Maybe Journalists Don't Belong At Presidential Debates
It's tempting to make jokes about the demands Republican candidates made of broadcasters for future debates — and believe me, I have.
But I've also squirmed to see reporters bark at presidential candidates to raise their hands, yes or no, to reply to a question, as if they were schoolchildren asking for a bathroom break. And including 30-second long opening and closing statements sounds like the least an audience might have the right to expect in a two-hour debate. Thirty seconds is just a fifth of the time of this essay.
The campaigns' demand that the hall be no warmer than 67 degrees sounds like the petulant contract stipulation of a vain rock star. But imagine if you knew that millions of people would watch and judge you close-up, searching for the smallest imperfection. You could be eloquent, funny and insightful, but if you look a little shiny after two hours under hot TV lights, you know lots of people would just call you, "the sweaty one."
All the talk about how the debates should be run, and what questions are fair, or not, has made me wonder: should reporters be part of these debates at all?
I don't think journalists should have to abide by rules, other than good sense, when it comes to asking anyone questions. For that matter, I don't think candidates should always have to pack their answers to critical questions into 30-second meatballs, or take precious time to answer questions about polls instead of policies.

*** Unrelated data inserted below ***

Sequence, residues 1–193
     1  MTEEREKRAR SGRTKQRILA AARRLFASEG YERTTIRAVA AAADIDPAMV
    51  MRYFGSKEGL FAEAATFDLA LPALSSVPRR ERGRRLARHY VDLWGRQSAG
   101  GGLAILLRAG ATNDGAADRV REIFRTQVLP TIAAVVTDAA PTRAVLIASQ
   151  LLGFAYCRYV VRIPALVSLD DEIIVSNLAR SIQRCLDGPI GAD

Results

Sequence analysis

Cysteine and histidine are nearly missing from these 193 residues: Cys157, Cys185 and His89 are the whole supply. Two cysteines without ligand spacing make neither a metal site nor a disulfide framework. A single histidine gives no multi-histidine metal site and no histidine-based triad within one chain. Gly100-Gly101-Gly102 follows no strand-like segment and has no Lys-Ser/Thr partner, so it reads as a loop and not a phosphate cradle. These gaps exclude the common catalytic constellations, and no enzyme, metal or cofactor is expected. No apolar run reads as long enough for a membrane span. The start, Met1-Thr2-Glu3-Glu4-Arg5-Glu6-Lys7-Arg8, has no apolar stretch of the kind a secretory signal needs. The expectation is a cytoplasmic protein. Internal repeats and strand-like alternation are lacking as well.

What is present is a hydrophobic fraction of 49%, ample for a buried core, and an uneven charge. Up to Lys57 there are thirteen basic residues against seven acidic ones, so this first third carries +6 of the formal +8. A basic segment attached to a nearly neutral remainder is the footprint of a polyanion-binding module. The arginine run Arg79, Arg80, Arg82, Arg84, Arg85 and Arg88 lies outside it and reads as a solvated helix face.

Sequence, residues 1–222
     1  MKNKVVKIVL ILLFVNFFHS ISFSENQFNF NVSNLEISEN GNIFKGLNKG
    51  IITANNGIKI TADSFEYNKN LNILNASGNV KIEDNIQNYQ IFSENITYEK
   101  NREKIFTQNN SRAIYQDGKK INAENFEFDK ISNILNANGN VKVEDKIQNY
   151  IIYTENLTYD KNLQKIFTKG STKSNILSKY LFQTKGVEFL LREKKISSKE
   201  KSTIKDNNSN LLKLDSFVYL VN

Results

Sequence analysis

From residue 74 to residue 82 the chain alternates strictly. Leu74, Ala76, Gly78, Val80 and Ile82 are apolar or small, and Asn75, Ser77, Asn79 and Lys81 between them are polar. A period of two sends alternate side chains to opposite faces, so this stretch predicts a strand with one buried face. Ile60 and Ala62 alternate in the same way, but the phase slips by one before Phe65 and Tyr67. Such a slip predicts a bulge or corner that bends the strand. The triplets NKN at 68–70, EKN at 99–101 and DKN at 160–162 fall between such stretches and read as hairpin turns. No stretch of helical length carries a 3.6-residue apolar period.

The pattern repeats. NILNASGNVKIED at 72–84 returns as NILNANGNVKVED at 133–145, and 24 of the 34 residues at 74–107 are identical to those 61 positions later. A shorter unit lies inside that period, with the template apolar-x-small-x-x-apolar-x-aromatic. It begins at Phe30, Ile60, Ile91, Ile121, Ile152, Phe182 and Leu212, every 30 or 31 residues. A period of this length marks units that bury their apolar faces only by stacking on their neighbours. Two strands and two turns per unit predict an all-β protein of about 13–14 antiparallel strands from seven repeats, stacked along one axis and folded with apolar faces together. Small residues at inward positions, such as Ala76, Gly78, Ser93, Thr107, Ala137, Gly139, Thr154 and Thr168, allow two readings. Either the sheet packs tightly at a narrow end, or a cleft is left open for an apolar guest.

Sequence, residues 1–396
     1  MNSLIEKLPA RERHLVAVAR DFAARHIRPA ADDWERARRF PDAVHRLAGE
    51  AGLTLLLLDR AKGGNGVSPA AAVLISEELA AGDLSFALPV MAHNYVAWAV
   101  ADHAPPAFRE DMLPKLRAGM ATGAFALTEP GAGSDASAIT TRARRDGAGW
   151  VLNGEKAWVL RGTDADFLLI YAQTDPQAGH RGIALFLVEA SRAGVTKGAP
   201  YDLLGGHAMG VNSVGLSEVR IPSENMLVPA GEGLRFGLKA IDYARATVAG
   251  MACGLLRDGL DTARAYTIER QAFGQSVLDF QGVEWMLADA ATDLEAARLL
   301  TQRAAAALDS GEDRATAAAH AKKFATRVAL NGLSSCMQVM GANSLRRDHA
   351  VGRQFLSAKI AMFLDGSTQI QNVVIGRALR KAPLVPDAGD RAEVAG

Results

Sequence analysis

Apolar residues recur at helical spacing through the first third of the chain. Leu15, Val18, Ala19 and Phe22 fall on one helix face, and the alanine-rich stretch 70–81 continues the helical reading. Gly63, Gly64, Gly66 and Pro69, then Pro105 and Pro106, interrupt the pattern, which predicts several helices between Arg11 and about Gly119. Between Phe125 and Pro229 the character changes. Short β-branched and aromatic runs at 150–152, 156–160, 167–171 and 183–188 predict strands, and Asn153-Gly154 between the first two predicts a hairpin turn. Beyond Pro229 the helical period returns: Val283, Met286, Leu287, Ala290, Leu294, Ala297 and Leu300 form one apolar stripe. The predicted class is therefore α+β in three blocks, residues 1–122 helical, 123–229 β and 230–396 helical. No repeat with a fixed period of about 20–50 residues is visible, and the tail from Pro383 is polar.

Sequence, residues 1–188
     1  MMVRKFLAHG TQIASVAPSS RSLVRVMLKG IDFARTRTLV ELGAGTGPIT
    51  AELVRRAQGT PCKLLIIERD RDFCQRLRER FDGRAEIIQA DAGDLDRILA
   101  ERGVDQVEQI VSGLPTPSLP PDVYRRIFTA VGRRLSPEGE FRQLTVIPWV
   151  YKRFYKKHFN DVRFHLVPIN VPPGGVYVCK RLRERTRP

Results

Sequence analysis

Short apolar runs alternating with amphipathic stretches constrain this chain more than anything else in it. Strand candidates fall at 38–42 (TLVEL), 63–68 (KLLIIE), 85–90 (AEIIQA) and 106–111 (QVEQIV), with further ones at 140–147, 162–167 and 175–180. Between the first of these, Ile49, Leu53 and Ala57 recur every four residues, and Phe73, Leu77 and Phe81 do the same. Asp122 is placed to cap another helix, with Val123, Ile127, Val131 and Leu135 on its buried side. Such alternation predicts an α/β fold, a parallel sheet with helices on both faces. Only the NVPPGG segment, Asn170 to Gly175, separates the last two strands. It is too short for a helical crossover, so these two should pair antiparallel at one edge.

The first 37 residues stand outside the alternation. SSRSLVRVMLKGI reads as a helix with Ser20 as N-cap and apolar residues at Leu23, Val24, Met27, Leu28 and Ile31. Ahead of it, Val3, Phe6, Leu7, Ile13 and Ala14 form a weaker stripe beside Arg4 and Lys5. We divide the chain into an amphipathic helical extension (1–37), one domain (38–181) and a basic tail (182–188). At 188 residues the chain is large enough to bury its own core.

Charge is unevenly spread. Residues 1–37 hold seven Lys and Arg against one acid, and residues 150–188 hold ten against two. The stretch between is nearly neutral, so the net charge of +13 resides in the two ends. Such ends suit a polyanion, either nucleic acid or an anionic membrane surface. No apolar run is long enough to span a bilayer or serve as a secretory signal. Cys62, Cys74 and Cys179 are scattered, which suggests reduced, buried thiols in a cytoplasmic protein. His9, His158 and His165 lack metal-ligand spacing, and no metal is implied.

Reporters didn't ask questions at the Lincoln-Douglas debates. People shouted questions from the crowd.
So instead of casting journalists to ask questions, why not get a banker, a police officer, someone who's been laid off, someone who works for tips, and someone who runs a roofing business? I know that sounds like The Village People.
Or a plumber, a software developer, a single mother, and someone who sells shoes?
Or a priest, a rabbi, a minister, an atheist, and an imam? Imagine the jokes.
And instead of questions concocted to catch a candidate off-guard, citizens might ask about issues you hope anyone who runs for president has thought about—a lot. Like, "Would you try to reduce the $18 trillion dollar U.S. debt?" Or, "Are there freedoms you are willing to limit to try to protect against terrorism?" Or, "Is every U.S. citizen entitled to the medical care?"
The specifics they offer — or don't — might tell people a lot about what they consider important and what they would do. Oh wait — does that sound too much like a real town hall debate?
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